About the artwork
Korean artist Park Seung Mo creates stunning and captivating portraits, through his painstaking technique of layering and manipulating frames of wire mesh. In this work, a portrait of a woman is created, who appears to be lying and gazing towards the viewer. While the work itself is photorealistic, it has a dream-like aura, that is ethereal and hauntingly evocative. The woman’s gaze transfixes viewers as it bores deep into us and we yearn to learn more about her and her circumstance that has been captured. Yet ultimately she remains frustratingly ambiguous and elusive, like a beautiful mirage that we are unsure if we are really seeing or simply dreaming.
About the artist
Born in Korea in 1969, Park Seung Mo graduated from Dong-A University with a Bachelor of Fine Arts in 1998 and is based in Brooklyn. He explores fundamental ideas through the use of forms, creating large ephemeral portraits by layering frames of wire mesh together and cutting through the layers to create depth. Each work begins with a photograph which is superimposed upon the overlapping layers of wire with a projector. He then employs a subtractive technique of snipping away areas of mesh and netting. Each piece is several inches thick and the plane that forms the final image contains spaces that are a few finger widths apart, which contribute depth, movement and dimensionality to the portraits.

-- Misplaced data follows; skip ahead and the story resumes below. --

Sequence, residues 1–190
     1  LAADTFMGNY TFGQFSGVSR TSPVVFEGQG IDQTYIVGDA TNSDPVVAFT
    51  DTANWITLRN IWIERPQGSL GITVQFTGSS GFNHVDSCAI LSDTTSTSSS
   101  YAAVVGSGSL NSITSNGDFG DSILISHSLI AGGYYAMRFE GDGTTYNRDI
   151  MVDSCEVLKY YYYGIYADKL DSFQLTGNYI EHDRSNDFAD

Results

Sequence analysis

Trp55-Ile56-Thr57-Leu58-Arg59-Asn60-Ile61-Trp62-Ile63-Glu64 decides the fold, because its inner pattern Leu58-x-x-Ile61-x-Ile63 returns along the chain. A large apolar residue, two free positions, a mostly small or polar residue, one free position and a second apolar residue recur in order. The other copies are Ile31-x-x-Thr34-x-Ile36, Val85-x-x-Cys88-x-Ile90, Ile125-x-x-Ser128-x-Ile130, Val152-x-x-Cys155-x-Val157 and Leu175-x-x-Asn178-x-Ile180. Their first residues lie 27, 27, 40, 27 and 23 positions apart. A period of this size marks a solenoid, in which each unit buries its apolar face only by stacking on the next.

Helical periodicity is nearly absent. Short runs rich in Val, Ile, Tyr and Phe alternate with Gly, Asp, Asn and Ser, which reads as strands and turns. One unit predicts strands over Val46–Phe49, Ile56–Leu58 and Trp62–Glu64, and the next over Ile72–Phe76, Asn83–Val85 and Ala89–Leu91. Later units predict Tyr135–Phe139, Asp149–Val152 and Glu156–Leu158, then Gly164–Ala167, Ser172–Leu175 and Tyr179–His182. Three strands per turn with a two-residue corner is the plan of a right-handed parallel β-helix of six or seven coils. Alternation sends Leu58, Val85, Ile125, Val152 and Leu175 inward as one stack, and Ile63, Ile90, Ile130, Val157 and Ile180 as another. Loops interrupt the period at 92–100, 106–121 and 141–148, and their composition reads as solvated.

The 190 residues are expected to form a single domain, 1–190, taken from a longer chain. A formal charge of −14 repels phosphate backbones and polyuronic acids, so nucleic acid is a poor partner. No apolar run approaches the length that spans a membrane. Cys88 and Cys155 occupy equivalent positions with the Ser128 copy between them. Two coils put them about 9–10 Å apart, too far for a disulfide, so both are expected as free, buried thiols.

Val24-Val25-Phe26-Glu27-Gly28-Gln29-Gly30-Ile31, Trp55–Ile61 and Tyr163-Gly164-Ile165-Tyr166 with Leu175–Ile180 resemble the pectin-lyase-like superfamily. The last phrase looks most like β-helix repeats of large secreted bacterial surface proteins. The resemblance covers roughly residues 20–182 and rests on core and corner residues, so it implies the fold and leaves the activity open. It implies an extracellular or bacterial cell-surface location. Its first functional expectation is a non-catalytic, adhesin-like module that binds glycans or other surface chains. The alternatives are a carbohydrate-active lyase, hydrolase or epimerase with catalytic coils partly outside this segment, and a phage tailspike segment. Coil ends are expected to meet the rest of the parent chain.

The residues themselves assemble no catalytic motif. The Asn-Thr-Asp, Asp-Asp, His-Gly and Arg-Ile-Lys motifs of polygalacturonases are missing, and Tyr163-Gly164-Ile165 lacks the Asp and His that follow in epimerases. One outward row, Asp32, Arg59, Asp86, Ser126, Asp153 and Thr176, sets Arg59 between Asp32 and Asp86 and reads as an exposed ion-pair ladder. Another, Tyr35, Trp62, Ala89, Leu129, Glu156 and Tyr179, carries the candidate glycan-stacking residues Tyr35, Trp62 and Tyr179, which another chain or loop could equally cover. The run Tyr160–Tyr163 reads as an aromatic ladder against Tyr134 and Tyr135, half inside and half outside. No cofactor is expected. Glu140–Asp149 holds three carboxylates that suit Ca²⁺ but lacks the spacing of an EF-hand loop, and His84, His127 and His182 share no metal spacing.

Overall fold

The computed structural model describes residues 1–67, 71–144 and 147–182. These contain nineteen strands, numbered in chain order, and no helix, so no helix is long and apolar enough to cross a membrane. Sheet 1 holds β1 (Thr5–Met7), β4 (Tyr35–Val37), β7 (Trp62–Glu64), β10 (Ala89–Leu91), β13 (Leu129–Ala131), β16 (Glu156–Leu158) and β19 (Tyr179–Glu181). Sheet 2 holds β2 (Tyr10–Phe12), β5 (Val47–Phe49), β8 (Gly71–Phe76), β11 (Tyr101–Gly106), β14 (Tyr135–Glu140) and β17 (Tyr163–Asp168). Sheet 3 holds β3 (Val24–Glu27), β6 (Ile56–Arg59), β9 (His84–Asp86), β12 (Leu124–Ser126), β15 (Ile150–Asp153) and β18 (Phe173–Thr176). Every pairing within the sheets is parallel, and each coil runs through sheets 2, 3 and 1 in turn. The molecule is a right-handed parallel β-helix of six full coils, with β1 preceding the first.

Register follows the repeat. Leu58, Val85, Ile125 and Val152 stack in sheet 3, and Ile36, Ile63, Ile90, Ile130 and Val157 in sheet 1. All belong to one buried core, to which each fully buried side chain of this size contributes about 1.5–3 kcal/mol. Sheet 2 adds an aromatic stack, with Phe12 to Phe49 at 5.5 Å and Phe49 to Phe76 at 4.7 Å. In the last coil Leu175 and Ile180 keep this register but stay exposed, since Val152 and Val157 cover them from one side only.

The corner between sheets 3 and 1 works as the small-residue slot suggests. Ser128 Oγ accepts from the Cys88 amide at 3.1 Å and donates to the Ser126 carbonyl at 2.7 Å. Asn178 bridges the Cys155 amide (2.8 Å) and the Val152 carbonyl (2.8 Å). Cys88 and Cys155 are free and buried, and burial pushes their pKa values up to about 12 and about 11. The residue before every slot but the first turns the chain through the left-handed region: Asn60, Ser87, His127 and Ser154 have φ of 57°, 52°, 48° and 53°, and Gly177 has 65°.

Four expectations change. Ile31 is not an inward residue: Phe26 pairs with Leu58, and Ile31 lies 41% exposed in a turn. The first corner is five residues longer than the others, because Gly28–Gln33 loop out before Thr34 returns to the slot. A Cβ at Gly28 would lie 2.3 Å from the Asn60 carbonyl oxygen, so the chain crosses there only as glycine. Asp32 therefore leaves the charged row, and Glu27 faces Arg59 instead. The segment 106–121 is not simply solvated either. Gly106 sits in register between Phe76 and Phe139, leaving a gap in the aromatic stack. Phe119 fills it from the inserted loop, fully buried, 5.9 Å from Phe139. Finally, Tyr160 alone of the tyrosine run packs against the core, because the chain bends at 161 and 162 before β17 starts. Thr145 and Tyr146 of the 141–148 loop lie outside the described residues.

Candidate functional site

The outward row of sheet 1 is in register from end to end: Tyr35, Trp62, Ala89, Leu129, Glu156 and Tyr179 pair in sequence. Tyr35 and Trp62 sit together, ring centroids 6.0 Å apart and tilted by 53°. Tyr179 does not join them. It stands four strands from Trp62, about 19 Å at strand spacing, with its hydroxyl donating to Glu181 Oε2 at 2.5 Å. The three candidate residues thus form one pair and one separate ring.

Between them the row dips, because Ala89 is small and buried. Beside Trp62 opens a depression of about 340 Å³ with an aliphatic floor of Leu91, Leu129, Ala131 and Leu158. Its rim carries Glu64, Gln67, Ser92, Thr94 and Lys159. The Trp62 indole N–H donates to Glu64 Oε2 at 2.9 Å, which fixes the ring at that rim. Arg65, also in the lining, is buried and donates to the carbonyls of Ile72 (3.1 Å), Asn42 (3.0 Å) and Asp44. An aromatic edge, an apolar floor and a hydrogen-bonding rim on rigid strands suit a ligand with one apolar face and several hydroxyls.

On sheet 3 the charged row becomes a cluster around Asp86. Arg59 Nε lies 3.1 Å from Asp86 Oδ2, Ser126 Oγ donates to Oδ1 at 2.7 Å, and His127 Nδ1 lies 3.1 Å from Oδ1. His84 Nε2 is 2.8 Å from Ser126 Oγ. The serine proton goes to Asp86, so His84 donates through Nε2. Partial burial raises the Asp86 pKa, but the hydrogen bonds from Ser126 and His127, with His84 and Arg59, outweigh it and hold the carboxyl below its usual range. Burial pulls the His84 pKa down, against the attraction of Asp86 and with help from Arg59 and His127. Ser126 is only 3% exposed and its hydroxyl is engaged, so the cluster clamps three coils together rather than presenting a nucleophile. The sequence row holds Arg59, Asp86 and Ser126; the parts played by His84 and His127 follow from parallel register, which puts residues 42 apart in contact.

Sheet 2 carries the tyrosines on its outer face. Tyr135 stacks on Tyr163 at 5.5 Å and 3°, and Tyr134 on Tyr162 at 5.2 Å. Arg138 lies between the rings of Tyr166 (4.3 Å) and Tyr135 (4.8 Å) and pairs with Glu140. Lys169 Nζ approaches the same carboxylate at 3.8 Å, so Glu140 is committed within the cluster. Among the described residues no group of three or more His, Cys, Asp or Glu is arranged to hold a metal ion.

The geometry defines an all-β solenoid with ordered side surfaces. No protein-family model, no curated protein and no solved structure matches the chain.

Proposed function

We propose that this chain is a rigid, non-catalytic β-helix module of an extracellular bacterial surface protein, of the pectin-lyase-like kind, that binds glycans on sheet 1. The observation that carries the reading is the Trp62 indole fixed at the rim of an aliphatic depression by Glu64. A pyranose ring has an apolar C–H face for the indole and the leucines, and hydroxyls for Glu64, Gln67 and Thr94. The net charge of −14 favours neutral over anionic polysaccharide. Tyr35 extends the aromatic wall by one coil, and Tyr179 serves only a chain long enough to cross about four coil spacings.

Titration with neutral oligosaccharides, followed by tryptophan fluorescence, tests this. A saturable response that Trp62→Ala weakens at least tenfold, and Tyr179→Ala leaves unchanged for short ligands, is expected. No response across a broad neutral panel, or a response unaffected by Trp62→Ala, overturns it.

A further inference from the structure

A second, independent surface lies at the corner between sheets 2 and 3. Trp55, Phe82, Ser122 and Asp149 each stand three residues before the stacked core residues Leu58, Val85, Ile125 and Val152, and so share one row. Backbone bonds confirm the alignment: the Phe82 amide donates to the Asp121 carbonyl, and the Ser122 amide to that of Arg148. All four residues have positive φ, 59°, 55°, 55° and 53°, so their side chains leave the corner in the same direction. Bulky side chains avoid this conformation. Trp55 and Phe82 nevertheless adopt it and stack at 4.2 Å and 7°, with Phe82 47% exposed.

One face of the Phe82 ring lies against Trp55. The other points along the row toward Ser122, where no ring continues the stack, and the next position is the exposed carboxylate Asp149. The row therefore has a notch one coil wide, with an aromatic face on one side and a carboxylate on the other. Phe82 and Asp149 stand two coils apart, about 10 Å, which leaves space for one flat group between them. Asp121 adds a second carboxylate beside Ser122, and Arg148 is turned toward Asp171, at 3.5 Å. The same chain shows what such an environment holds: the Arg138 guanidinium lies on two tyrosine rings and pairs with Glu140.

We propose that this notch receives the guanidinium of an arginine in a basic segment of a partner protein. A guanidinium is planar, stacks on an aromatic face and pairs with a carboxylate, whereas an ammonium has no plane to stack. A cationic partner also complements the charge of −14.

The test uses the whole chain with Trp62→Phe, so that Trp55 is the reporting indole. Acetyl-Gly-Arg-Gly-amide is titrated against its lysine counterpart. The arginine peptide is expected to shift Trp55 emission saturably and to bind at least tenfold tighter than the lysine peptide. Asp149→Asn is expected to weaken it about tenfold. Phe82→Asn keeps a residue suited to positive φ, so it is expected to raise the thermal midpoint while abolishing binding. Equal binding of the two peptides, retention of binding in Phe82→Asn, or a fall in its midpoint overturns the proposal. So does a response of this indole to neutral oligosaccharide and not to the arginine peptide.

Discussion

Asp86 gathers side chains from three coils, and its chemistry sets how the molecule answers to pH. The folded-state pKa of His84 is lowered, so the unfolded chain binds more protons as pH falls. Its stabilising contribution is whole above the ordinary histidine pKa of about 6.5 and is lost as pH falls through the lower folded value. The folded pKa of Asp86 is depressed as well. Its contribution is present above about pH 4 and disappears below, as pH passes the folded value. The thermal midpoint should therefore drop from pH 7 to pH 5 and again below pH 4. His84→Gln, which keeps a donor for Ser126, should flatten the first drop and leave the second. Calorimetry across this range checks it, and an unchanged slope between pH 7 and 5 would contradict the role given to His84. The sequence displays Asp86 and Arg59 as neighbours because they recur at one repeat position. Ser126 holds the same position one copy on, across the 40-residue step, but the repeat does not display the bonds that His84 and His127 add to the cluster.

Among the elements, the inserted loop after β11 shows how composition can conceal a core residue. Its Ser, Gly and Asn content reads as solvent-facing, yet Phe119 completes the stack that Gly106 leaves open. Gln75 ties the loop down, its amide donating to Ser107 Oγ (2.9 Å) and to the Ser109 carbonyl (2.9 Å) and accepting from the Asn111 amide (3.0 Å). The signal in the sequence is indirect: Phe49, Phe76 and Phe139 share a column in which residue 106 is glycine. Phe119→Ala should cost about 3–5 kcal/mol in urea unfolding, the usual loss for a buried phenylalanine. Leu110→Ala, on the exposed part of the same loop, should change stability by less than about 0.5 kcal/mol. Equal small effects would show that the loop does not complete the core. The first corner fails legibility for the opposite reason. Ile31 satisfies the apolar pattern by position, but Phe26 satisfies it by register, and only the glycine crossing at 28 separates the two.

In works such as Mong-hwan (Fantasy), Hwan-sang (Illusion) and Hwan-myeol (Disillusion), Park speaks of ‘hwan’ or fantasies and visions that feel as if they were real. He turns these fantasies into visual illusion of wire and explains “what is important for me is showing the audience the moment where the boundary between the real and the illusion break down.”Go to Park Seung Mo's profile ›